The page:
I never got the chance to show a working agent based on the Bayesian estimator for the enemy position in the PacMan capture-the-flag game. In the previous PacMan post, I wrote about merging a model of agent movements with the noisy measurements returned by the game to track the enemy agents across the maze. Clearly, this information can give you an edge when planning an attack (to avoid ghosts) or when defending (to intercept the PacMen).
For the traditional faculty-vs-students tournament at the G-Node scientific programming summer school this year, I wrote a PacMan team made by a simple attacker, and a more sophisticated defender that tries to intercept and devour enemy agents.
Both agents plan their movements using a shortest-path algorithm on a weighted graph: before the start of the game, the maze is transformed in a graph, where nodes are the maze tiles, and edges connect adjacent tiles. Weights along the edges are adjusted according to the estimated position of the agents:
- Weights on edges close to an enemy ghost are increased (starting value is proportional to the probability of the enemy being there, and falls off exponentially with distance)
- Weights on edges close to an enemy PacMan are decreased
- Weights on edges close to a friendly agent are increased
An agent navigating on such a maze will tend to avoid ghosts, chase PacMen, and cover parts of the maze far from other friendly agents. My attacker does little else than updating the weights of the graph at every turn, and move toward the closest food dot.
On the other hand, defending is quite difficult in this game, so I needed a more sophisticated strategy. While the enemy is still a ghost in its own part of the maze, the defender moves toward the closest enemy agent (its estimated position, that is). When the enemy is a PacMan in the friendly half, the chase is on! Since ghosts and PacMen move at the same speed, it would be pointless to just follow it around, one needs to catch them from the front... Once more, the solution was to modify the weights of the maze graph, making weights behind the enemy (i.e., opposite to its direction of motion) very high, and lowering the edges in front of it.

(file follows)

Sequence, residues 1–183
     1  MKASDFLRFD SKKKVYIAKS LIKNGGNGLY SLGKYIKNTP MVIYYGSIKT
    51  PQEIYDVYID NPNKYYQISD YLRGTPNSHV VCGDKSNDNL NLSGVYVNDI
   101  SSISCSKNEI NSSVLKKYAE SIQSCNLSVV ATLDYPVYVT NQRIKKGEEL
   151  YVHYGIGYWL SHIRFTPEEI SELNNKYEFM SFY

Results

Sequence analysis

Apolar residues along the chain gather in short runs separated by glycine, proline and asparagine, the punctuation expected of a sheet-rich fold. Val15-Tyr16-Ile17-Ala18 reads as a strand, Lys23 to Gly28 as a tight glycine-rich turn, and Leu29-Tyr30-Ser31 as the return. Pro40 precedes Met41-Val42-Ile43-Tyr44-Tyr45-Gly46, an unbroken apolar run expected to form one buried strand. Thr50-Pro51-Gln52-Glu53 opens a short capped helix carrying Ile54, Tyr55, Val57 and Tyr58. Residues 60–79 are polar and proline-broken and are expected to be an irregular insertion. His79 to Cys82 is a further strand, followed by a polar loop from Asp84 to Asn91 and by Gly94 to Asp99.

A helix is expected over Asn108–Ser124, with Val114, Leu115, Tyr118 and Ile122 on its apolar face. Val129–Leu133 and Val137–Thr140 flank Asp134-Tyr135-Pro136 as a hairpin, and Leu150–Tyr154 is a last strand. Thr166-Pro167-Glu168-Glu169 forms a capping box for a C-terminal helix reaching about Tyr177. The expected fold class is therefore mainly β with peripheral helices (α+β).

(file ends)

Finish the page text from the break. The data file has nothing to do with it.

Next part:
The combination of estimator and the weighted graph strategy can be quite entertaining:
Sometimes the defender only needs to guard the border to scare the opponent shitless:
Another useful thing to keep in mind for the future: it is better to base strategies on soft constraints (weighted graphs, probabilities). Setting hard, deterministic rules tends to get you stuck in loops. Soft constraints and some randomness give you more flexibility when you need it but are otherwise just as good.